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08: European strategies for international research cooperation

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Alpbacher Hauptschule
Breakout / Working Group
english language

Private and public actors in the field of science and technology have developed different strategies to meet the challenges of international competition. It is mainly through international cooperation and joint programmes that responses can be found to some of the challenges of globalisation which cannot be tackled by individual countries acting alone. On the other hand international research cooperations are often a result of foreign policy issues and national priorities.
These and other changes, as e.g. recent developments in the university sector, urge for the development of strategic instruments and the most effective funding schemes to optimize the conditions for innovative research that will be discussed in this working group.

Speakers

Austrian Ambassador to the United Kingdom, London
Director, IIASA, Laxenburg, Austria; Professor, Wageningen University, Netherlands Abstract
 The world's present development path is not sustainable. Efforts to meet the needs of a growing population in an interconnected but unequal and human-dominated world are undermining the Earth's essential life support systems. The extraordinary complexity of the challenges that lie ahead is suggested by today's emerging interactions among global environmental changes and the profound transformations underway in social and economic life. These include such diverse alterations of the earth as climate warming, land transformation, and loss of biological diversity, together with social transitions including a population that is growing more slowly, while aging and urbanizing; an economy that is globalizing while increasing both wealth and inequality in the face of persisting poverty; and a system of resource utilization that in the energy, manufacturing, and agricultural sectors is making more with less even as it increases its overall demands on the earth to unprecedented levels.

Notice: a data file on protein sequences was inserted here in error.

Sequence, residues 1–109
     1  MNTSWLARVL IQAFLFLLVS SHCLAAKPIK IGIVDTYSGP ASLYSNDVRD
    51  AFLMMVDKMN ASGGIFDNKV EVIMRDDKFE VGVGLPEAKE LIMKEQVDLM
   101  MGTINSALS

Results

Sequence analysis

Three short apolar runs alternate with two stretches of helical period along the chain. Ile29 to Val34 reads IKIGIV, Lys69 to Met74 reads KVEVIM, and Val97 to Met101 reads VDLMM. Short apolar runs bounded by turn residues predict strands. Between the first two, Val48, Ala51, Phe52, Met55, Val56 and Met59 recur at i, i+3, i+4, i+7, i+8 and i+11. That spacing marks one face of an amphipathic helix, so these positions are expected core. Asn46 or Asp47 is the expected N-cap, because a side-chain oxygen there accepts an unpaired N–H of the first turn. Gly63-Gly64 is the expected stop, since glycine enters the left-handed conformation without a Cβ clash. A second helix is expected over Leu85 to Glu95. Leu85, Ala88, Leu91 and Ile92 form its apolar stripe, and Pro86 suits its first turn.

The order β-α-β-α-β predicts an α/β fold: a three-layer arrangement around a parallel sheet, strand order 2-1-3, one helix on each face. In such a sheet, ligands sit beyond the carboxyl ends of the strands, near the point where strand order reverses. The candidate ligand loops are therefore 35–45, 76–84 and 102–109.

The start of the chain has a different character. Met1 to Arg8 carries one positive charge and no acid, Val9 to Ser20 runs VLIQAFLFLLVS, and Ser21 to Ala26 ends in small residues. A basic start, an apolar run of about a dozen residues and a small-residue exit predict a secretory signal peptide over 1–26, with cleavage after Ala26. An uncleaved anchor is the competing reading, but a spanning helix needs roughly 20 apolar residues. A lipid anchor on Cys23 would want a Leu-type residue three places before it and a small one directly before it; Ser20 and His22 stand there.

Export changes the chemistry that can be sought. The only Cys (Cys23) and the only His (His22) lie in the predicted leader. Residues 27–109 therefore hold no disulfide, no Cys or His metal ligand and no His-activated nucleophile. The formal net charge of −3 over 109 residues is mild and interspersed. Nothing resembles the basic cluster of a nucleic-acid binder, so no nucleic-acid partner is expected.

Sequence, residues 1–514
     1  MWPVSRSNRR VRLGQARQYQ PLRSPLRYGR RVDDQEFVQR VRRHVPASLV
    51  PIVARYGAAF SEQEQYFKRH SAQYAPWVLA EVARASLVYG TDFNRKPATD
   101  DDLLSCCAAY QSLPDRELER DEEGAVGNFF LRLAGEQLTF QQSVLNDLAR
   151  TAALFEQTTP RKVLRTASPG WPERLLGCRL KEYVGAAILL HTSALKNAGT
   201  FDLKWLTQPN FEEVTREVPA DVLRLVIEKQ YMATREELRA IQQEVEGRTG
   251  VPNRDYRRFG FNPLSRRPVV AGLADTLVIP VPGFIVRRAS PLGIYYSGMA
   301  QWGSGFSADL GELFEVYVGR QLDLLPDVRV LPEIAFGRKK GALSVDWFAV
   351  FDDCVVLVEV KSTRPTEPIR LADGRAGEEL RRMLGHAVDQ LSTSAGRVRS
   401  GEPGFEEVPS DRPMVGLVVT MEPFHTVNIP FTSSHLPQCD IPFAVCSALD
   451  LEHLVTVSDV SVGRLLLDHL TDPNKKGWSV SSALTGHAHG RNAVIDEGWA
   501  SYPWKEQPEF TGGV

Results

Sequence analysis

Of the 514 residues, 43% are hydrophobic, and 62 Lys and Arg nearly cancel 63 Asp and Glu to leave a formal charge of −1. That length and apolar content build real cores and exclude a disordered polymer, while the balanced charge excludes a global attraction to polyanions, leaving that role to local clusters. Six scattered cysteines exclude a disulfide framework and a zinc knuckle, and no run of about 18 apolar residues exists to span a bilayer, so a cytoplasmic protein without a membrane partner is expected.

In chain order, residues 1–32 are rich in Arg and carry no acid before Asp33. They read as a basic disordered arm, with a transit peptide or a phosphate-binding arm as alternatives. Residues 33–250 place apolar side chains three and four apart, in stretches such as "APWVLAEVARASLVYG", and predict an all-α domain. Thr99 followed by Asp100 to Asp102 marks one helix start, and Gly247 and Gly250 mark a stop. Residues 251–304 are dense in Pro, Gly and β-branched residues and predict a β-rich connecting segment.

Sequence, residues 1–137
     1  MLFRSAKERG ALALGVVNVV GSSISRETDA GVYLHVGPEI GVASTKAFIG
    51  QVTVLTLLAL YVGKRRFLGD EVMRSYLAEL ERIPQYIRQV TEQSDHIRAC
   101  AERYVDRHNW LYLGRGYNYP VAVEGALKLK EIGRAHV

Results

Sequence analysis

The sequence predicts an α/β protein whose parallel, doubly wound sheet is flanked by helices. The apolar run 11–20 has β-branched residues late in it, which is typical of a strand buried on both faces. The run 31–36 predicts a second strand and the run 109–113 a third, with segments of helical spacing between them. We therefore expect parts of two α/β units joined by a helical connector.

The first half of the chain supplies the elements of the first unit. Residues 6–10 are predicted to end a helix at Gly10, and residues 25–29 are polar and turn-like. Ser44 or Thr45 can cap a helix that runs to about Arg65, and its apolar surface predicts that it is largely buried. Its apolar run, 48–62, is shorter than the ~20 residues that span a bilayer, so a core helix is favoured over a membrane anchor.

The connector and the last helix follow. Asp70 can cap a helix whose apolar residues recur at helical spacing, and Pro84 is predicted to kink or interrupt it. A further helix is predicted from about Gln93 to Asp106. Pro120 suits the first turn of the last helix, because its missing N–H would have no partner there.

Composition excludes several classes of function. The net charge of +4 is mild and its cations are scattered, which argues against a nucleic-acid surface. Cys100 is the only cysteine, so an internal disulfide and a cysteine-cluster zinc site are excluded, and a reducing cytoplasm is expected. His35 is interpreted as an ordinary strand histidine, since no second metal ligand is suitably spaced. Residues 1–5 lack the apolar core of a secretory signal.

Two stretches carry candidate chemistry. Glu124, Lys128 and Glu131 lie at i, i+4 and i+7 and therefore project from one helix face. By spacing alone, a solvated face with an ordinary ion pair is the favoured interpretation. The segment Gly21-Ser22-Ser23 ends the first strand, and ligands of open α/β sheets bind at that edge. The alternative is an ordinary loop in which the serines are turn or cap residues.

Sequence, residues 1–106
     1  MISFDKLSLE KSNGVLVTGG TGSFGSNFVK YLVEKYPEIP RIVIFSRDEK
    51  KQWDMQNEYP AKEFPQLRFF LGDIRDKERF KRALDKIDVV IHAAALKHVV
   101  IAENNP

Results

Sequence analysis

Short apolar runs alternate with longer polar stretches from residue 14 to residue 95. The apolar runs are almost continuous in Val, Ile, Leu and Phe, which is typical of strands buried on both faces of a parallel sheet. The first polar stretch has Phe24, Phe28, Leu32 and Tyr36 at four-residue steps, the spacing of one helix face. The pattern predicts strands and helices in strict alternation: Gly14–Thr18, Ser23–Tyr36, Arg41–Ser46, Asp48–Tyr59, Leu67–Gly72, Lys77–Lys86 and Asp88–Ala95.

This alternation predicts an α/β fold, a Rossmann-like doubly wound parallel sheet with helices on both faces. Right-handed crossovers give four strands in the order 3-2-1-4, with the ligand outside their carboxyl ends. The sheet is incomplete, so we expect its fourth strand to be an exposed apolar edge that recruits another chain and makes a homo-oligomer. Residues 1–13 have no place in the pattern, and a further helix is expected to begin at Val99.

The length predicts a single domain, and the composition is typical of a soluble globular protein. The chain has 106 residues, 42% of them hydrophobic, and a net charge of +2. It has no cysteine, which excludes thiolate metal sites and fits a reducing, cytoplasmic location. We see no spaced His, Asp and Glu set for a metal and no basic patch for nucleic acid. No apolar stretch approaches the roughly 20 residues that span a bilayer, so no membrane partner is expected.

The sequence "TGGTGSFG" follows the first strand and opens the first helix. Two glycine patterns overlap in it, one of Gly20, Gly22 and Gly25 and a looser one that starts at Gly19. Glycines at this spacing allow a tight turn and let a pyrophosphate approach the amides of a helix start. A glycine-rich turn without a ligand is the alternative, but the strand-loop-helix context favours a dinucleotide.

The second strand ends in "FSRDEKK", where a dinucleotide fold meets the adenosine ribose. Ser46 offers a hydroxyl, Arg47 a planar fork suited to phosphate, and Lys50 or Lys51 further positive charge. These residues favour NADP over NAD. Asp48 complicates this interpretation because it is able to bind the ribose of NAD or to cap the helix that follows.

A significant response to this challenge from the scientific community has begun to emerge from various global and regional programs of environmental research, from the World's Scientific Academies (including individual reports from the African, Brazilian, and United States academies), and from independent networks of scholars and scientists. Above all, a response has begun to emerge from science itself and the growing recognition across many disciplines of the need for synthesis and integration, needs that are being reflected in many new multidisciplinary research efforts and institutions.
These various scientific efforts to promote the goals of a sustainability transition, meeting human needs while preserving the life support systems of the earth need solid cross disciplinary and intercultural research efforts.

Although the goals for this transition are thus very clear, the European research organizations at large (universities, academies, institutes) are mostly organized in disciplines and within western cultures. New and difficult steps need to be taken that on the one hand guarantee scientific quality and on the other hand promote interdisciplinary work. A European Research Council will need to create solid opportunities for this type of research not restricting its funding to European researchers, but allowing cross cultural collaboration.